Comparing current NFL draft prospects to those of years past is standard procedure in draft evaluation, though most comparisons are built on the memory recall and subjective opinion of the particular evaluator.
In this series of articles, I will compare the 2022 draft prospects to prior years and pick out the most similar comps with a clearly delineated and quantifiable method.
PFF data scientist Eric Eager has done tremendous work building college-to-pro projections, which are built off the robust college data we’ve collected since 2014 and have been applied to exercises like building an “analytics” mock draft.
In this analysis, I will use some of our advanced stats for comparison but primarily rely on traditional stats to go back further and compare the 2022 prospects to draft classes going back to 2006.
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The comps below were derived from a two-step process. First, I converted all the most statistically relevant stats and measurables to percentiles based on the thousands of prospects who have entered the NFL since 2006.
The matching features were transformed by principal component analysis (PCA). I found the closest statistically comparable players by the Euclidean distance between the players' principle components, listed in the top 10 below.
For draft position, I’m using an estimate based on the mock data collected at GrindingTheMocks.com. The college statistical metrics for PCA are best-season market share of team total yards, market share of team touchdowns, rushing attempts per game and market share of team receptions.
I also included the most important workout metrics for NFL and draft position for running backs: weight, 40-yard dash time and vertical jump.
I’m taking the best number from either the prospects' NFL Scouting Combine or pro-day performances. If the 40-yard dash time or vertical jump are missing, I estimate them based on historical modeling with weight and available other workout metrics.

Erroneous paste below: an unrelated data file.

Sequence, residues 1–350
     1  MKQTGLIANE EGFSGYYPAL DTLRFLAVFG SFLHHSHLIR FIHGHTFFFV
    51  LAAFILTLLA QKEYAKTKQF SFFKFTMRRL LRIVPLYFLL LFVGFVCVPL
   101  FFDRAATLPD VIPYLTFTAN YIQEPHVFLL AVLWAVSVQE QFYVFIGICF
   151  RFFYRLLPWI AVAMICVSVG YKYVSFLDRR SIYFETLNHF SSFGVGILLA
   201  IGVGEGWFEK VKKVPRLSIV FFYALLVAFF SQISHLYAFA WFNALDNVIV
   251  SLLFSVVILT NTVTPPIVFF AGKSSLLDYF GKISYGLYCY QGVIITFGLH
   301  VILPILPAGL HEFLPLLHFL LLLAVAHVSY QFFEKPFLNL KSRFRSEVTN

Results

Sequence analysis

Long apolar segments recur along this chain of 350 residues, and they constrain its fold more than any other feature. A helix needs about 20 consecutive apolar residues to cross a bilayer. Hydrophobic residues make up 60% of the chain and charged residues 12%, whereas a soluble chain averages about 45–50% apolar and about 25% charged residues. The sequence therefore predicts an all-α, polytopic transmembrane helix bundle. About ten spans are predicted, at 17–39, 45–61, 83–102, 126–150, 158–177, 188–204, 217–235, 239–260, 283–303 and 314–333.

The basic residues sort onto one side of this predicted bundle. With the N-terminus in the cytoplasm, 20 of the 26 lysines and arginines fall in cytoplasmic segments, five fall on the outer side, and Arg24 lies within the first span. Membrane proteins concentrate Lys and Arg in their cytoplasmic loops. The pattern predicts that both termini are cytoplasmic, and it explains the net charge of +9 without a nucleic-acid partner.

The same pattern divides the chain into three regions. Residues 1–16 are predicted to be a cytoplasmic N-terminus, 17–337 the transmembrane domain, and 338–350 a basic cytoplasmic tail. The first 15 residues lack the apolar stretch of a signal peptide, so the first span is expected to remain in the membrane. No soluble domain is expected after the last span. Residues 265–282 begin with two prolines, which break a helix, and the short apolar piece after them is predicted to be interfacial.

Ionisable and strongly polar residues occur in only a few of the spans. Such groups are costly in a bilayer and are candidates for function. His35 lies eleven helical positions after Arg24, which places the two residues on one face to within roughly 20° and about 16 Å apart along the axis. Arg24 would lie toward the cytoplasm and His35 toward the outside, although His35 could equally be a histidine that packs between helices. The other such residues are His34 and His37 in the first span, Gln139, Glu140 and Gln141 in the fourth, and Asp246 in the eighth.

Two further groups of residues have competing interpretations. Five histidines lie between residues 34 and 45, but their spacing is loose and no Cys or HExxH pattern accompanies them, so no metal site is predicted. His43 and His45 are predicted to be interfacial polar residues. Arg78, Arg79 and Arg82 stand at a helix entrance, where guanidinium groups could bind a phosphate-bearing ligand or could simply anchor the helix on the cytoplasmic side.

MOST COMPARABLE PLAYERS
His 10-yard split, which I found is more important than the full 40-yard dash, was the second-fastest of the entire class, at 1.50 seconds.
White’s draft stock has improved since the combine, with the Georgia product showing up in several expert mock drafts in the late second or early third round. If he ends up a Day 2 pick, his chance of NFL success improves dramatically.
White’s college career arc doesn’t factor into the pure numbers-based comps, but it’s important to understand his story.
He was a five-star recruit and No. 1 running back entering college at the University of Georgia after winning the National Player of the Year Award in high school. He totaled over 2,300 yards in 11 games as a senior, but he only caught seven passes.
White tore his ACL in the playoffs of his high school senior year and again during summer camp before his freshman season. After redshirting as a freshman, he totaled 428, 816 and 931 scrimmage yards the next three seasons, playing in a crowded backfield with fellow 2022 prospect James Cook.
White led the Bulldogs in rushing yards and touchdowns in 2020 and 2021, though never dominated the backfield.